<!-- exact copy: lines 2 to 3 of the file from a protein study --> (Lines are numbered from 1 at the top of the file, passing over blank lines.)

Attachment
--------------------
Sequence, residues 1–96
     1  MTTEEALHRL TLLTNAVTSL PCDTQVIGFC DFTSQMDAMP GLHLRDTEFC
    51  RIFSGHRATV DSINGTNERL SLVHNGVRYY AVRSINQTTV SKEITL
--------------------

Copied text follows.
     1  MTTEEALHRL TLLTNAVTSL PCDTQVIGFC DFTSQMDAMP GLHLRDTEFC
    51  RIFSGHRATV DSINGTNERL SLVHNGVRYY AVRSINQTTV SKEITL